Ray Lamontagne's songwriting has inspired me for years now. There's a specificity in every song that draws you in and leaves you searching for meaning.
Over the weekend, I was pleased to discover that Ray released a new album called Monovision last summer. This one is particularly special. Ray wrote, produced, and performed every song at his home studio. Moved by this new batch of songs, I went searching for more background and was surprised to find a rare interview with the notably low-profile songwriter.
Listening to Ray speak is as soothing as hearing him sing. In the interview, Ray likens his process to catching fireflies.
"I don't like to think about music all the time. I wait til it comes to me and asks for my attention. The other side of that is that when it does ask for your attention, you have to give it. I could be in the middle of the grocery store and a melody will come knocking ... [these melodies are] like fireflies, you see them for a second then they're gone. If you don't catch it, you won't give another chance."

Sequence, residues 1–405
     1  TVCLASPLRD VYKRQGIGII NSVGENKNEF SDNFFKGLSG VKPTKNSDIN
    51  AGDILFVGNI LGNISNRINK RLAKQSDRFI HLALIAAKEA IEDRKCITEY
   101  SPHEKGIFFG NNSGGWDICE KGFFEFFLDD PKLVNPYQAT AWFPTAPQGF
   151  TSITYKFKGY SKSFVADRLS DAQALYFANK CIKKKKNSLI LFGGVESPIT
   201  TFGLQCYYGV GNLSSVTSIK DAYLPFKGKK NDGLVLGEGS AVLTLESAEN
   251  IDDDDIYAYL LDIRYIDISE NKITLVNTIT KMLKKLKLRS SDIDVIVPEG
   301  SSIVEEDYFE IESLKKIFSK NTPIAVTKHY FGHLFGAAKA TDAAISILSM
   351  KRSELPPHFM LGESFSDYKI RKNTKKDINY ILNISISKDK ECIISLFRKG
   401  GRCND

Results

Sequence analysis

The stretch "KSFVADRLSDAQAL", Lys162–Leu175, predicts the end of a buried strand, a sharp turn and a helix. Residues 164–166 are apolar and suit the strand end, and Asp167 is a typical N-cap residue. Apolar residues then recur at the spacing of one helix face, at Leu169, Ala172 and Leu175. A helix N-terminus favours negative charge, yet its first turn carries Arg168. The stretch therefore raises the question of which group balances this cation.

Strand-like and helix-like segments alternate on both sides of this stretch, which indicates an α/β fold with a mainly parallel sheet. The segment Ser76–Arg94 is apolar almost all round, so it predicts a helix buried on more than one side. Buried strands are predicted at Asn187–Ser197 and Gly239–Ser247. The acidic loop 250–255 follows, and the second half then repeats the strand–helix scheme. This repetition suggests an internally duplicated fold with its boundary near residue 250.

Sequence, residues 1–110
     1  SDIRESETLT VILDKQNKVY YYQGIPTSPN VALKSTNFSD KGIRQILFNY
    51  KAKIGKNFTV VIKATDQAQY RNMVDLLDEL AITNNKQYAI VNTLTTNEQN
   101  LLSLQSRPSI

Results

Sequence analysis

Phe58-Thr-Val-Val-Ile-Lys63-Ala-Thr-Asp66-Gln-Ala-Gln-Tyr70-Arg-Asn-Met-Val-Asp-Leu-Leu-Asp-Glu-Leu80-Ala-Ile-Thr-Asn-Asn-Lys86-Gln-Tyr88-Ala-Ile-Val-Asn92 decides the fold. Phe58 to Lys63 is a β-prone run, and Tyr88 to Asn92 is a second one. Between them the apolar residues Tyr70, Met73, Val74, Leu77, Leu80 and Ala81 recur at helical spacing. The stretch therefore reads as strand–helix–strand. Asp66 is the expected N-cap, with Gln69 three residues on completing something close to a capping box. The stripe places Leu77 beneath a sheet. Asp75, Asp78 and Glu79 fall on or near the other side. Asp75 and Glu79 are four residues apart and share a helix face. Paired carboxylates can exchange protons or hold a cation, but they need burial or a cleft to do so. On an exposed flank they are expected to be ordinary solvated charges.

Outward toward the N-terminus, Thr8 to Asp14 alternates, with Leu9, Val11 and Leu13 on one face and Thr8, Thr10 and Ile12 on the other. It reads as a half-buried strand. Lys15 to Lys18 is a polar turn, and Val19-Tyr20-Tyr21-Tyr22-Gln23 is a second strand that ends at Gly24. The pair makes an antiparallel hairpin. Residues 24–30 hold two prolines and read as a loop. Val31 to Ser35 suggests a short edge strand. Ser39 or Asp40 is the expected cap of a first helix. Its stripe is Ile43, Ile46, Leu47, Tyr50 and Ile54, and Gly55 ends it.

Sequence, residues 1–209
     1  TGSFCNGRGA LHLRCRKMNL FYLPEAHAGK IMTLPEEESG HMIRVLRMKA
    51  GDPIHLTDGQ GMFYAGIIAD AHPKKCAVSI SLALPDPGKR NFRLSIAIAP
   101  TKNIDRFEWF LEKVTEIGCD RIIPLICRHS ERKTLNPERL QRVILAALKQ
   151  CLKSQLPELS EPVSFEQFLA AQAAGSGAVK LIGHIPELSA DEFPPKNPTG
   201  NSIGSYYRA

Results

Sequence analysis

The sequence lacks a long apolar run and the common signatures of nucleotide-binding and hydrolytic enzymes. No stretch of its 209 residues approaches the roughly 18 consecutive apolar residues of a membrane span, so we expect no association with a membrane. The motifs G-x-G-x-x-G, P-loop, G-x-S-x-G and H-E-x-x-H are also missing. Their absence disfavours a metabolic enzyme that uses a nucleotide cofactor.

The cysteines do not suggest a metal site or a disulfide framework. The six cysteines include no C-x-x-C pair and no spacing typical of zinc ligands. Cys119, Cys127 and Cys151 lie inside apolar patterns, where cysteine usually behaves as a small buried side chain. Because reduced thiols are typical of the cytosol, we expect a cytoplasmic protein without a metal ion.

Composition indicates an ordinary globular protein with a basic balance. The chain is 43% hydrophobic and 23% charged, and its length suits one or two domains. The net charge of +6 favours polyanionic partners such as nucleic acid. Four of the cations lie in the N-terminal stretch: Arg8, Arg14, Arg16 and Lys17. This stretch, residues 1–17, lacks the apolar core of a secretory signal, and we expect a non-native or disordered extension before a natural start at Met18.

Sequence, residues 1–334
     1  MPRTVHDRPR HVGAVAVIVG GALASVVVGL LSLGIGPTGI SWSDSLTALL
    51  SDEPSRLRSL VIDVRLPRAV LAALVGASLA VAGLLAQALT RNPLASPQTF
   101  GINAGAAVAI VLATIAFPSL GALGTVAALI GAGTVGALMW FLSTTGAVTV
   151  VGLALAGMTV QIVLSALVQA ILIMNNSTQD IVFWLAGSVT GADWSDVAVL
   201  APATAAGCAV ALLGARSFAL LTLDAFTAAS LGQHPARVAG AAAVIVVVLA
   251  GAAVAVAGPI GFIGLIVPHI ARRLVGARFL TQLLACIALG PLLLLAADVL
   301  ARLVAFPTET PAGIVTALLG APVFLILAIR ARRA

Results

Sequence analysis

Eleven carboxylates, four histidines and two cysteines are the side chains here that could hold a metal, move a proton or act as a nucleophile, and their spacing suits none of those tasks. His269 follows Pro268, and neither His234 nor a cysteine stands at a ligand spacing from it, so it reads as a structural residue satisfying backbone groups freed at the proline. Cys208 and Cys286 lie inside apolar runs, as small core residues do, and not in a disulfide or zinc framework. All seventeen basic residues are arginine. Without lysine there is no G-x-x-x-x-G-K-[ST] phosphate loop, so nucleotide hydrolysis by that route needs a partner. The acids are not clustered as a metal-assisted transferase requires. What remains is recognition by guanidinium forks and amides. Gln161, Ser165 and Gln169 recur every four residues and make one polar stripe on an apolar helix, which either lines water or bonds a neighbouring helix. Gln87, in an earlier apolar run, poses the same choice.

When asked how Ray develops a song, he replies "I try to just get out of the way." He speaks as though the songs are in control, guiding him where to go.
As a songwriter, I cherish those moments where I sit down with a guitar and the words flow through me. Lately, as a writer, I find myself struggling to find my flow. I've had a hard time letting an idea come to life, too focused on writing and re-writing "to get it right."
Ray goes on to share his past struggles with songwriting, almost leaving it all behind years ago.
"In life in general, I was driving myself with a negative, self-critical voice. ... At a certain point, it became clear that it was not healthy. It was taking all the joy out of everything. It took me a couple of years to figure that out. No music, just being home trying to figure out what was going on. ... [It's the playfulness] that I was really quashing in the early years of songwriting. I would just crush any playfulness out of tunes because of my self-criticism."
Sometimes we look at our idols as gods. We forget that they, too, are human. I find comfort in Ray's story and a renewed energy to find the playfulness in my writing.